Sacred Heart High School took students to Saskatoon on April 11-12th to compete at the 21st annual Provincial Skills Competition. The venue was held at both Mount Royal Collegiate and SK Polytechnic buildings. The competition included over 400 students from across the province who competed in various trade and technology areas. The competition allowed students to showcase the talents that they have learnt at Sacred Heart High School. Sacred Heart took 8 competitors who competed in 7 different competition areas. Competitors from Sacred Heart included: Brett Madsen for Carpentry; Drake Myrowich for Cooking; Hailey Dooley for Job Skills Demonstration; Carter Halliday for Mechanical Engineering CAD; Raya Cuthill for Pastry and Confectionery; Hannah Sevilla and Cheyenne Olson were a team for Video Production; and Kelsey Valuck for Welding.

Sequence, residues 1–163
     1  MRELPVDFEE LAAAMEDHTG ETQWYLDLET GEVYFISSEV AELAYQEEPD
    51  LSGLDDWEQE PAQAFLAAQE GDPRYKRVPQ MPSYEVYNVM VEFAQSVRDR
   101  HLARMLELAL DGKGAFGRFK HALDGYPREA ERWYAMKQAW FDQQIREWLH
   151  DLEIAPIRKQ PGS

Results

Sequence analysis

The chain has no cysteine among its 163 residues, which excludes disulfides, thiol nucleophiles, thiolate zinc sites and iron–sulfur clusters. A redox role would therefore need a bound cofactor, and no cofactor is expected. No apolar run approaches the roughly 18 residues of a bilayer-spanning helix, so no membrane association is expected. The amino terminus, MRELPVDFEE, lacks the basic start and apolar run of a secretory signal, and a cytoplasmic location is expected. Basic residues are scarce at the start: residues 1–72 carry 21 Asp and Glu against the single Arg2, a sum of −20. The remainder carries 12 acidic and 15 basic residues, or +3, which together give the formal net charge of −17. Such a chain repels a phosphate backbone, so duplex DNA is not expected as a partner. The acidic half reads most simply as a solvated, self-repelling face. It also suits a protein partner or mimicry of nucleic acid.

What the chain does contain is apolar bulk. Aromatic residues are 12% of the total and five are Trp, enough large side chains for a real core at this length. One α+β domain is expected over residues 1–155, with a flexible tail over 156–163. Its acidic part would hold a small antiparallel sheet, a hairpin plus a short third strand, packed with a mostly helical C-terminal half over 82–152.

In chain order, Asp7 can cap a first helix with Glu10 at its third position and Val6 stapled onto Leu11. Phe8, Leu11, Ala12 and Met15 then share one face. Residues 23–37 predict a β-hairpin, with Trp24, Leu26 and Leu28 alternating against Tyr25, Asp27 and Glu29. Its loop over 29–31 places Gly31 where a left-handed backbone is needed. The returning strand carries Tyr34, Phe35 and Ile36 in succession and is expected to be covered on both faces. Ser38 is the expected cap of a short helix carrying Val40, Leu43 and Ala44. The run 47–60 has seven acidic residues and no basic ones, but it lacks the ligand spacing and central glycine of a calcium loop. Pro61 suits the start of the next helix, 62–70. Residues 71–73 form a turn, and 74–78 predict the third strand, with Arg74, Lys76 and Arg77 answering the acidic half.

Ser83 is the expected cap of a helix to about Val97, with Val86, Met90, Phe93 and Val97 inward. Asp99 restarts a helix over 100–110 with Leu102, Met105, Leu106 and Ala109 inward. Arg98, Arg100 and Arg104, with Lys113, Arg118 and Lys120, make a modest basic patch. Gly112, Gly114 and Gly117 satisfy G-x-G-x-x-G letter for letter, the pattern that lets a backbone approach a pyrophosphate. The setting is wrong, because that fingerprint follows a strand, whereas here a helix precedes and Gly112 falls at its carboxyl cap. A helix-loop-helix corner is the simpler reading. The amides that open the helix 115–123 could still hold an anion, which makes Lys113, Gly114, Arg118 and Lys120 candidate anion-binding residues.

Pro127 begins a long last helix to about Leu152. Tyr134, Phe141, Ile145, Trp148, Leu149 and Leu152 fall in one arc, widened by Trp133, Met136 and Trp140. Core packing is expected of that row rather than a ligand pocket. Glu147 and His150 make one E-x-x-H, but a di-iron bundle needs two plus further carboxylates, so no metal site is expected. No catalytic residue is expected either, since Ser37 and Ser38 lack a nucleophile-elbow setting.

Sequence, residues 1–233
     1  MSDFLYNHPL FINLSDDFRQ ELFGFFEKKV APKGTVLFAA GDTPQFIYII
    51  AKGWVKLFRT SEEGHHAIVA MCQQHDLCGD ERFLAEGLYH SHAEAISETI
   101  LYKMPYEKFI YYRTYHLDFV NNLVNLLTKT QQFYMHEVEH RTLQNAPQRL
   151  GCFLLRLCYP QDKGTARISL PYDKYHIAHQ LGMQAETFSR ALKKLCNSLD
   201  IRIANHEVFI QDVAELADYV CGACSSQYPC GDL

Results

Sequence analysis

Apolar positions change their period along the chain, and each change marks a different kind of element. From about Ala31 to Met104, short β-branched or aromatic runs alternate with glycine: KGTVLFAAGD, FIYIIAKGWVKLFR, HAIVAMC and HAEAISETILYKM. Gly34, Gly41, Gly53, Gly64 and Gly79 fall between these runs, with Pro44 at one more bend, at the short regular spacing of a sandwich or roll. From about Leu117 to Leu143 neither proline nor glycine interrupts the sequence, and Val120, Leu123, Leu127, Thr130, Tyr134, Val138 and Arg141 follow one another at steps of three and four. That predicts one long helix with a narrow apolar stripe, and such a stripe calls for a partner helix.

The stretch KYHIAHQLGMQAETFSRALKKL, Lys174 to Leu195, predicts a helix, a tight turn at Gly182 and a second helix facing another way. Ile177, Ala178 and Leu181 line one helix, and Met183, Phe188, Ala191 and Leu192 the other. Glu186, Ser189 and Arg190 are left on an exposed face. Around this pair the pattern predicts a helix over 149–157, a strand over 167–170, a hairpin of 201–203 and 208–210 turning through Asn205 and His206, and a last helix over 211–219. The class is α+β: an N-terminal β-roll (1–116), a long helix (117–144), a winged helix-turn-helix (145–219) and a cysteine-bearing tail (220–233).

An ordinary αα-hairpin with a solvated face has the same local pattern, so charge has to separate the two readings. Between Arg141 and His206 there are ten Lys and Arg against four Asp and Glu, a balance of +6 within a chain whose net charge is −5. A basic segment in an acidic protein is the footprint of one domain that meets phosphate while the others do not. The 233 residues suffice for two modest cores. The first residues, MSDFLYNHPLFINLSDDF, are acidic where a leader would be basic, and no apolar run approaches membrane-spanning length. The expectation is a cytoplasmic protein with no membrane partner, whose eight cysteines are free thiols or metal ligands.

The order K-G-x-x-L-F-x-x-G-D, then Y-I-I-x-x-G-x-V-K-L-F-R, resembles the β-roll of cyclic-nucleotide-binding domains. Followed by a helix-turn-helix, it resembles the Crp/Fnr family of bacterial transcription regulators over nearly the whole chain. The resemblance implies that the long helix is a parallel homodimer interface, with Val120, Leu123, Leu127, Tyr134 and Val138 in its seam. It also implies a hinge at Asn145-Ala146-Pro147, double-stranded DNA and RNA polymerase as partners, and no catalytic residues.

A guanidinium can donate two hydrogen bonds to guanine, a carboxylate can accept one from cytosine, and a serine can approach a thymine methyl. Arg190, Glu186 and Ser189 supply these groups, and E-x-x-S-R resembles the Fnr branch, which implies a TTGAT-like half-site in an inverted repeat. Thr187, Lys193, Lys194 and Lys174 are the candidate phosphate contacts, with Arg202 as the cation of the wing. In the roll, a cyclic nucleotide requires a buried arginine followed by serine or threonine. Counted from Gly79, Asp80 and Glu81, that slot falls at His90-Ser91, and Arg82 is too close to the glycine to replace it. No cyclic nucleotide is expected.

This was Kelsey’s second time competing at the competition for Welding. This year he came in relaxed and knowing what to expect. Kelsey welded his project for 6 hours and won the Bronze medal in
Brett Madsen is only in grade 11 this year and attended the competition for his first time. He was busy framing for 7 hours during the Carpentry competition and came out winning the Bronze medal.
The Video Production team were also first time competitors. Cheyenne and Hannah had to take video footage, do interviews, then edit everything into a Skills news report video. They put everything they had into the competition. “When I spoke to them after the competition they told me it was the best video they had ever produced and were proud of what they accomplished” says coordinator Curtis Moen. The girls won the Gold medal and now advance to the National Skills Competition in Halifax which will be held on May 28-29, 2019.
“I would like to thank the entire Saints Skills Team for all their hard work preparing for the competition. They did an excellent job representing their school and gave it their all at the competition. Many of the competitors are only in grade 10 or 11, so it will be exciting to see what they can do in the years ahead” says Curtis Moen